About Paul Lieberstein
Born on Feb. 22, 1967, Lieberstein grew up in Westport, CT, where he went to Staples High School. In his youth, Lieberstein loved comedy and would spend hours with his brother and sister listening to Steve Martin's comedy albums. He dabbled in creative writing in school, then became so interested in television that he and his friends created their own show called "Hotel New Jersey" in an unused TV studio at school. After graduation, Lieberstein attended Hamilton College and shifted his focus away from comedy - which he considered not to be a career path; more a hobby - and instead took up business and finance. After college, he worked as an auditor for a spell, but quickly became disinterested and again turned his energies toward comedy and writing. Lieberstein stuck around the East Coast for a year, practicing writing scripts, before he made the big move westward.
In Los Angeles, Lieberstein found a writing partner, and the two of them cranked out original screenplays and spec episodes of existing television shows. It was a sample script for "The Simpsons" (Fox, 1989- ) that first gained them noticed, and helped them land the writing duo a job for one season of the kids show, "Clarissa Explains It All" (Nickelodeon, 1991-94), starring a pre-"Sabrina" Melissa Joan Hart. After splitting from his writing partner, Lieberstein went on to write for "Weird Science" (syndicated, 1994-97) and "The Naked Truth" (ABC/NBC, 1995-98), starring Tea Leoni.
Lieberstein was then hired as a writer and executive producer on "King of the Hill," the animated creation of Mike Judge about suburban Texan Hank Hill (voiced by Judge), struggling to exist in an increasingly politically correct world. The success of the show led to a fruitful working relationship between Lieberstein and producer Greg Daniels. The two had already known each other personally, as Daniels was married to Lieberstein's sister, Susanne Daniels - herself a television figurehead as the president of the WB, then later the Lifetime Network. Following his invaluable experience on "King" Lieberstein went on to serve as a writer and executive producer on "The Drew Carey Show," "The Bernie Mac Show" (Fox, 2001- ), and the short-lived cult favorite "Greg the Bunny" (Fox, 2002), starring Seth Green.
In 2005, Lieberstein was hired on to the American remake of the British series, "The Office." The show - which revolved around the everyday absurdity of the typical corporate environment - was based on the highly acclaimed British series created by Ricky Gervais. During the initial casting for the show, Lieberstein read lines opposite auditioning actors, but due to his immense talents and innate humor, suddenly found himself cast as the laconic, hapless and often dour human resources director, Toby Flenderson.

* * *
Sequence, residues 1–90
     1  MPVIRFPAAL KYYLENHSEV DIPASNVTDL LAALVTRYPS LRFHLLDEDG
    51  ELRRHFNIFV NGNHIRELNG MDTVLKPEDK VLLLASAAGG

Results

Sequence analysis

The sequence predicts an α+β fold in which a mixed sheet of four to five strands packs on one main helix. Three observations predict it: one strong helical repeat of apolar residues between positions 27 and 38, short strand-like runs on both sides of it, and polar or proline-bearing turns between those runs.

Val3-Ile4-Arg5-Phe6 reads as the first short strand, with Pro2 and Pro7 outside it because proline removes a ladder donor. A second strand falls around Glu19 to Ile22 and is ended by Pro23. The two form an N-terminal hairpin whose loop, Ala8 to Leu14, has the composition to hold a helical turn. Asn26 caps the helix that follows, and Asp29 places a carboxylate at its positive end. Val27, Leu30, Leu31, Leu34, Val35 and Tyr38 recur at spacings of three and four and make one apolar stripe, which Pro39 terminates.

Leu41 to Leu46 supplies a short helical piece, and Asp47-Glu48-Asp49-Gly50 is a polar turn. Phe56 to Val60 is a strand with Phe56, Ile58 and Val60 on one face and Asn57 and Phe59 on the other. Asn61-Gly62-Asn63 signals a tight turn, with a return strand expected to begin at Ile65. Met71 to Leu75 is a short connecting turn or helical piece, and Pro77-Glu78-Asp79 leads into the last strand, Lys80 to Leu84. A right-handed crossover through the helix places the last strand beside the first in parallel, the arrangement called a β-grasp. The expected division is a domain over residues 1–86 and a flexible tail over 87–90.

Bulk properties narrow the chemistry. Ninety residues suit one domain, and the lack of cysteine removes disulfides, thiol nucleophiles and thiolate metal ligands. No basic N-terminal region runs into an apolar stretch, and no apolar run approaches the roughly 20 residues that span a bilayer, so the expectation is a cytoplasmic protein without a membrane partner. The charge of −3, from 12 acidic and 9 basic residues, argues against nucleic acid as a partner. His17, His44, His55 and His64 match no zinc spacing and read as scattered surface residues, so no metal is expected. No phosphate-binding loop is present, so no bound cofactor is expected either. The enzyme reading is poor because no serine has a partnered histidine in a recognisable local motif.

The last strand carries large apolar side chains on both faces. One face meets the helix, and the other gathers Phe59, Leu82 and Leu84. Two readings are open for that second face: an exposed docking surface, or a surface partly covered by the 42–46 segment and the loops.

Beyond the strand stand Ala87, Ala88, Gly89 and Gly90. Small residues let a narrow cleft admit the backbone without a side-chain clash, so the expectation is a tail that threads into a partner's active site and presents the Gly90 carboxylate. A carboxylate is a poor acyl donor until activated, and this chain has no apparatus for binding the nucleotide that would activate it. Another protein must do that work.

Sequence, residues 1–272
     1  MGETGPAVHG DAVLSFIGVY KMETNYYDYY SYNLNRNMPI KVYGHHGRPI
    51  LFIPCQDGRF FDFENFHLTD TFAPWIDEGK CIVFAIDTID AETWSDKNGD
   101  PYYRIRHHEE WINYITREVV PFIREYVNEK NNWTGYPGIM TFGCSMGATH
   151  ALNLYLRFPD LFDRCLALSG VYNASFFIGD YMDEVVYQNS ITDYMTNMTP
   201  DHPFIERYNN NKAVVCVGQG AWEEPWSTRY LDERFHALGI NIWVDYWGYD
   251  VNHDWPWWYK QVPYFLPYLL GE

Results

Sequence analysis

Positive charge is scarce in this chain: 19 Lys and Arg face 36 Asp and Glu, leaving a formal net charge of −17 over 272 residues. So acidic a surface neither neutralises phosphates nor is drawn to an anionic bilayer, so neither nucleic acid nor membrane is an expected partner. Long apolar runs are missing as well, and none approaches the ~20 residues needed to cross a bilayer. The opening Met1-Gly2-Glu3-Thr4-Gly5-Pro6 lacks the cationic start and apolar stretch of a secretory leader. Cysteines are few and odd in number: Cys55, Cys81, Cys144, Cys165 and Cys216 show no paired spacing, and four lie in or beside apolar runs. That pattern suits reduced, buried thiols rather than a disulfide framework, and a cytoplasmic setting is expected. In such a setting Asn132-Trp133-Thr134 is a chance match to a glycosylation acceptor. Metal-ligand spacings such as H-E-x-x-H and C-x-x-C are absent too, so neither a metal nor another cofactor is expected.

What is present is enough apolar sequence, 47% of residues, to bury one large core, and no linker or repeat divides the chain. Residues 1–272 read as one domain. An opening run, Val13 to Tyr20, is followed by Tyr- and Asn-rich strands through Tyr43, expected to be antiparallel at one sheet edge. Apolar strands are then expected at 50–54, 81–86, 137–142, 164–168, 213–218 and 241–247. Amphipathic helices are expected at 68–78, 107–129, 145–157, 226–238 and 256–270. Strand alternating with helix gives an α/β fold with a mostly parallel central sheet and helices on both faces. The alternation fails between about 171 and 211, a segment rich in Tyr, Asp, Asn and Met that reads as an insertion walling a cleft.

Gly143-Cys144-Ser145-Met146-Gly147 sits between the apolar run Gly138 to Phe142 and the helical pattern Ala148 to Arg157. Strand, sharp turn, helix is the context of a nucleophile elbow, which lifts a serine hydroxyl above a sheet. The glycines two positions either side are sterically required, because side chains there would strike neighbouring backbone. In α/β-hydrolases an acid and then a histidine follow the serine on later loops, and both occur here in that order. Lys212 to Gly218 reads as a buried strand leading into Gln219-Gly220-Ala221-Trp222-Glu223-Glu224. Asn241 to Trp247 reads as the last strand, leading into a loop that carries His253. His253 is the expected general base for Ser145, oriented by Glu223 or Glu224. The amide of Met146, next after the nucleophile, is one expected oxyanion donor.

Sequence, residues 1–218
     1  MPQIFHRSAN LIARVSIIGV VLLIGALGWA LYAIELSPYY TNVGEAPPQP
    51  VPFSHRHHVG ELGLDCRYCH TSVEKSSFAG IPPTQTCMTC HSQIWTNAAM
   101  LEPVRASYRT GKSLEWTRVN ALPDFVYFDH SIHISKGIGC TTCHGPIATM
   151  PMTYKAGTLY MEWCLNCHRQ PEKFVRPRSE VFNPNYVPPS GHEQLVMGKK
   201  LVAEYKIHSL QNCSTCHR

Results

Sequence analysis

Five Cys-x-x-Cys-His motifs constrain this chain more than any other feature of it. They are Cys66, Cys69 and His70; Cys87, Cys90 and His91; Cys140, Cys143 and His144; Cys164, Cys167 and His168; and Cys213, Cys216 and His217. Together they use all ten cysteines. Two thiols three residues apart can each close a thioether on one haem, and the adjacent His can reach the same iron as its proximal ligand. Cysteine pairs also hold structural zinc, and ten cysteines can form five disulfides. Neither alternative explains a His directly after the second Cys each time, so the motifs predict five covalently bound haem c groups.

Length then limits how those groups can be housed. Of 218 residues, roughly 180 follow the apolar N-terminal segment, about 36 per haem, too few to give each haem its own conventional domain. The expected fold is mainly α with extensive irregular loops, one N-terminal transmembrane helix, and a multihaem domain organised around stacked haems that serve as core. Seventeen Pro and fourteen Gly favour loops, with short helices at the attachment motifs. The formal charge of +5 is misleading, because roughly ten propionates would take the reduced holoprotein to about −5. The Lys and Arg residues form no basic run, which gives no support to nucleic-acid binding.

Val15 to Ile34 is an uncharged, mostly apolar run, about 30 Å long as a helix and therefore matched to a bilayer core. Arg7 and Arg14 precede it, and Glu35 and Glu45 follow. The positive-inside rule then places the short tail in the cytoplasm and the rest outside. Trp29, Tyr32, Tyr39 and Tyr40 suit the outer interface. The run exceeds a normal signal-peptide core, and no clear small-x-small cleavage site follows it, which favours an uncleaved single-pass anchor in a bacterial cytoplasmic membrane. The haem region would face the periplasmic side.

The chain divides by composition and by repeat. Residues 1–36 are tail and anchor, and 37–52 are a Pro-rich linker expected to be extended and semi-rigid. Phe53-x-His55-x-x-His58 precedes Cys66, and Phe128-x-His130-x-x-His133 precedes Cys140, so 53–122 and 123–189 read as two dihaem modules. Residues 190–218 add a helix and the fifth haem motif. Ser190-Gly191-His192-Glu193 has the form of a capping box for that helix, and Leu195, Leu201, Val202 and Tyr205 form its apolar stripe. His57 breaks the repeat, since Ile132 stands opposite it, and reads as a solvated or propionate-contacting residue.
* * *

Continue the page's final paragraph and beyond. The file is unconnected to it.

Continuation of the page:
Filmed in a somewhat mockumentary style, the show got off to a rocky start - as expectations were never high on either side of the pond when a biting British series was Americanized. But during its second season, "The Office" found its way, as the four lead characters became more well-rounded and sympathetic, while the even quirkier background characters (such as Lieberstein) were more fleshed out and offered more screen-time. A running gag on the show involved boorish but well-meaning boss Michael in an ongoing antagonistic relationship with Toby, whom he feels disrespects him and his ways. In actuality, because Michael's hijinks are so far out of line with public HR policy, Toby does not so much disrespect Michael - he simply tried to rein him in. The sequences required Lieberstein to not only act opposite one of the biggest comic stars of the day in Carell, but to routinely and subtly upstage him. Not an easy task, but Lieberstein did on a consistent basis, and in the process, became a fan favorite.
Off camera, Lieberstein proved even more invaluable, writing some of the series' more popular episode, including "Dwight's Speech," where the imperious Dwight (Rainn Wilson) delivers an awkwardly Nazi-like motivational speech at a sales convention, and "The Client," where Michael and corporate head honcho Jan (Melora Hardin) entertain a potential client at a restaurant, while the staff entertain themselves by reading aloud a newly discovered screenplay secretly written by Michael. Lieberstein insisted throughout interviews that his main function on the show was as a writer and minimized his role down to just a line or two in the episodes he wrote - a smart and noble move for any writer who also happened to act. In a season that saw Toby leave Scranton to get away from it all in Costa Rica, his generous creative output behind the camera resulted in a nomination for Outstanding Directing for a Comedy Series for season four's episode, "Money (part 1 & 2), but he lost to veteran film director Barry Sonnenfeld for his helming of "Pushing Daisies" (ABC, 2007- ) pilot, "Pie-Lette."
|Janine Poreba. Married July 19, 2008 at New York's Battery Gardens restaurant|
|Staples High School, Westport , Connecticut|
|Hamilton College, Clinton , New York|
|Co-executive produced and wrote for the American version of the British comedy "The Office" (NBC); also cast as the cool-headed human resources director Toby; earned an Emmy (2008) nomination for directing the episode "Money" (Parts 1 & 2)|
|Wrote for the short-lived Fox series "Greg the Bunny"|
|Worked briefly as a supervising producer on "The Drew Carey Show" (ABC) and "The Bernie Mac Show" (Fox)|
|Was a producer and writer on the Fox animated sitcom "King of the Hill"|
|Worked as a staff writer on "Weird Science" (USA) and "The Naked Truth" (ABC)|